An issue of rights and laws

The ongoing court case between the defendant Dasho Benji and the plaintiff DPT, will rank in importance next to the first constitutional case raised by the Opposition party over taxes during the previous government’s tenure.

This paper given the sub-judice nature of the case will not pass any judgment on it, but it is important to examine the larger issues and questions raised for our democracy by this case.

One of the popular claims made by the DPT while in power was their apparent tolerance of various criticisms fair and unfair (in its view) made against it.

Some people may have been afraid to criticize the DPT government, while in power by the simple logic of it being the government in power, but nobody would have ever imagined being taken to court by a party that prided itself on its apparent restraint and maturity.

Democracy, though idealistic as it is made out to be, is never very organized or orderly for it is the sum of many parts. Parts represented by a multitude of views, aspirations, hopes and feelings of the people. Any political party, worth its salt should build a thick skin to operate in such an organic environment where there are all manners of creatures and occurrences.

In democracies while we hold its institutions like the Parliament sacred, its real beauty lies in being able to question, criticize and hold to account those who occupy these institutions and affect the everyday lives of people.

For a party that has constantly talked and harped about strengthening democracy in its five years in power, it does come as a surprise that it has taken a senior citizen with a well known sense of humor to court, for an allegedly defamatory statement.

Though the outcome of the case is yet to be seen, as the courts will take

the final call, the case, outside the court, is not doing the public image of the Opposition party any favors nor is it winning the party any new friends. This case. on the contrary, shows the party in a vulnerable, defensive and cagey mood.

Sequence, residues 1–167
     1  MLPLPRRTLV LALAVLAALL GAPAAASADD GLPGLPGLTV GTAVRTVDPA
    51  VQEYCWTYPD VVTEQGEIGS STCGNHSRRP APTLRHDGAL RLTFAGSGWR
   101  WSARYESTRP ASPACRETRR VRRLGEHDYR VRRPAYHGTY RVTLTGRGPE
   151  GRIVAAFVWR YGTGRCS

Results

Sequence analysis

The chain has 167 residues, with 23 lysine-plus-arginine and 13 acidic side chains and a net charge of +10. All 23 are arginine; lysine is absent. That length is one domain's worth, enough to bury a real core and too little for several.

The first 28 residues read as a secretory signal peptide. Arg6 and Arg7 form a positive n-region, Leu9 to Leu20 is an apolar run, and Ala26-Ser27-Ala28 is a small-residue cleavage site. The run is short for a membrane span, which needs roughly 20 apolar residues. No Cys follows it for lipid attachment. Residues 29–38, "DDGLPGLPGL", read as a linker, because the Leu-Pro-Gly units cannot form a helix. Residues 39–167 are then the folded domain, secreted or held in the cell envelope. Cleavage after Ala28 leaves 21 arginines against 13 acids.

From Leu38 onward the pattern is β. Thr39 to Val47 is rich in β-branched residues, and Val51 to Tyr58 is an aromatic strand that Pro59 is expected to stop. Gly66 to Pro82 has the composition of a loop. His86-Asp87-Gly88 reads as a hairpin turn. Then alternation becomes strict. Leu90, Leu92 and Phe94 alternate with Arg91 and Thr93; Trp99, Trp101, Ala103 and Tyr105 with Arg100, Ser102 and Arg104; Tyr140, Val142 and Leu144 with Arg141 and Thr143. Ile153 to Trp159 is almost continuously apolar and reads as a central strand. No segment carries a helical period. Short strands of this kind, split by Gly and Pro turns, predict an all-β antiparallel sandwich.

The case by the sheer action of a party suing an individual may set a legal precedent of sorts. Given the fierce criticism that any ruling government comes under, god forbid, any government, now or in the future, should get the idea of suing its critics to silence, as has been done successfully in Singapore.

The Opposition party until the Dasho Benji case was doing fairly well. With experienced members and a respectable number of MPs it was making headway in Parliament and impact outside it. The party which was used to ruling for five years was gradually but successfully adapting to its role as an opposition party that would point out pitfalls and highlight inadequacies in the plans and policies of the government.

The Dasho Benji case has served as a giant and unnecessary distraction for a party that was sailing along smoothly, as a relatively inexperienced ruling government was caught in some early hiccups.

Political parties of any hue by their very nature and origin should be at the forefront defending and strengthening the rights and freedoms of citizens in a democracy. One of those most precious rights for any citizen from a pauper to a millionaire is the freedom of speech and the right to criticize. That in itself is the very essence of freedom and democracy.

At the end of the day citizens want to see parties and politicians fighting for their rights and aspirations and working towards realizing them. Citizens do not want to see any party putting its own petty battles real or imagined before their rights, needs and interests.

“If liberty means anything at all, it means the right to tell people what they do
not want to hear.”
George Orwell

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